"It's not all palm trees and sunshine. There's more to it," she said.
She's not the only one who sees that subtext.While on display at Skidmore Contemporary Art at Bergamot Station in Santa Monica, Harris's paintings caught the attention of Dallas-based producer Tom DeNolf, then scouting for art to showcase in the 2014 indie drama "The Face of Love."
The movie follows a widow (Annette Benning) who falls in love with an artist (Ed Harris) who bears a striking resemblance to her late husband. "(DeNolf) was told to look for artwork that is California... big, splashy figures, colorful," Tracey Sylvester Harris said, pieces that Ed Harris's character would have painted. Her work fit the bill.
She contributed several paintings to "The Face of Love" and even taught Ed Harris how to paint in her style. She also has a small cameo in the movie.
Although the "Lost Holiday" paintings possess a certain poignancy, Harris works hard to avoid sentimentality in the series. "I don't want it be sappy or nostalgic." she explained. "That's where the brushwork and the composition can keep it really current."
Neal Breton: Escape to the Deep End
Whenever his mother visits the Central Coast, San Luis Obispo artist Neal Breton goes on vacation. More specifically, he checks into the same hotel and enjoys a miniature "stay-cation" free of work duties and social obligations.
"Those are really nice times when I can get them. I feel like I can escape pretty much everything," the 40-year-old painter said.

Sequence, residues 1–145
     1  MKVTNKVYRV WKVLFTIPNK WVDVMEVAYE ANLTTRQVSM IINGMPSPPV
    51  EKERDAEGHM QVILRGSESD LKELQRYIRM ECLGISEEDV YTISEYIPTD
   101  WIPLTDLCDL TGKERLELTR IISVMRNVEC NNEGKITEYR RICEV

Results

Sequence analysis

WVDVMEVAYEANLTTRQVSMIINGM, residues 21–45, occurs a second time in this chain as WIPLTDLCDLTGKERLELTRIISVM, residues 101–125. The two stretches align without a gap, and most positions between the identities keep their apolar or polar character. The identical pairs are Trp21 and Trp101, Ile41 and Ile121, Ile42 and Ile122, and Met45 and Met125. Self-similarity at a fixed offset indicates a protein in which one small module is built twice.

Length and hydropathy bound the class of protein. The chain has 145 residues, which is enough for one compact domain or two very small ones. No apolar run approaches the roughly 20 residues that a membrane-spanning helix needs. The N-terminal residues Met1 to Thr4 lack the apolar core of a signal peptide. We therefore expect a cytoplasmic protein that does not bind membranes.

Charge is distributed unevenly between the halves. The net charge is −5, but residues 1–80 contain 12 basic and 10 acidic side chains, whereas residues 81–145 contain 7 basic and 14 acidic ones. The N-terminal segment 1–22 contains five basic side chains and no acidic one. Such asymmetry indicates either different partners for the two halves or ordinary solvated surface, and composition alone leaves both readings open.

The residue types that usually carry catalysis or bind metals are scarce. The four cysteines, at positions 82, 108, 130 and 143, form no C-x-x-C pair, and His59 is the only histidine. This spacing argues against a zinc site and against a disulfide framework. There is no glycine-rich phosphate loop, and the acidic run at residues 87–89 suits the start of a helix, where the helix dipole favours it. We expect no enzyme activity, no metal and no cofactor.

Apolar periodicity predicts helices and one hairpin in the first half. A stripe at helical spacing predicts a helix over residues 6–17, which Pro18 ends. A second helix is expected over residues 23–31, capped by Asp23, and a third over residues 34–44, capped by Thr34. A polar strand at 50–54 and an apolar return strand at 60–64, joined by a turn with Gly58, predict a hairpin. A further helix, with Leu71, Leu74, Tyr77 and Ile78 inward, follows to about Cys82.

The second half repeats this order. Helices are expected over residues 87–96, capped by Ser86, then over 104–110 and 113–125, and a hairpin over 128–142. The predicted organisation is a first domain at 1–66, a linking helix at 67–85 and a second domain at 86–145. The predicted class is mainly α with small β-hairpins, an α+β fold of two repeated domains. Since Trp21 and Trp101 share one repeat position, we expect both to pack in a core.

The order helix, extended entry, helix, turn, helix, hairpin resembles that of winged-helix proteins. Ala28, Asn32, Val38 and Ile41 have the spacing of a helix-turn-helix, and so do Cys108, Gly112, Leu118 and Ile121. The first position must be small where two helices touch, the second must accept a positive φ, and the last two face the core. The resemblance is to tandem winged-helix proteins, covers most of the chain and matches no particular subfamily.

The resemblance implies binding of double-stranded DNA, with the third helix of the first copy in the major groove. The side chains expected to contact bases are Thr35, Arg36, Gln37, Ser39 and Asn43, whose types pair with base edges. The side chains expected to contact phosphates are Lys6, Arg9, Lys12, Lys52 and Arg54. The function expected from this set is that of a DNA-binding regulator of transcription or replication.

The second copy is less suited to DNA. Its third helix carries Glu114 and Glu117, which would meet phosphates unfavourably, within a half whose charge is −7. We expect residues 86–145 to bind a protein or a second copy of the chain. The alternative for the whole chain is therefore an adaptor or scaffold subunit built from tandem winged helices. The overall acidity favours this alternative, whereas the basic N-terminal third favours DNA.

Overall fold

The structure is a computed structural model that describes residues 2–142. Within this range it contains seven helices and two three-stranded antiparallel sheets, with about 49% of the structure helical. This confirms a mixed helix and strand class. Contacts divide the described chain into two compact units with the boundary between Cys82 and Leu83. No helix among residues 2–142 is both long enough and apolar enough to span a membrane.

Breton's "Pools" paintings, which depict swimming pools at their most serene, offer viewers a similar sense of calm. They go on display June 27 as part of a group show at The Bunker art collective in San Luis Obispo.
A Southern California resident since 1982, Breton moved to the region at age 8 when his parents divorced. He'd spend the school year in Glendale, where his mother lived, and summer and winter vacations visiting his dad in New Hampshire.
"It was always a weird transition," he recalled, because he never felt fully at home in either place. "It was awful not to fit in."
"A little bit of me wishes I had stayed in school and learned to appreciate things," Breton acknowledged, "(but) I'm not ashamed of where I'm at and I'm not ashamed of how I got there."
The artist spent 25 years living and working in Los Angeles before moving to San Luis Obispo, where he opened an art supply store. After that venture folded, he and artist Jeff Claassen launched Fiasco Gallery in August 2013, originally housed at Studios on the Park in Paso Robles.
They currently share studio space with Bret Brown at The Bunker, which officially opened its doors in December. Breton is also the organizer of the annual "Savages" group show, being held this September at Steynberg Gallery in Luis Obispo.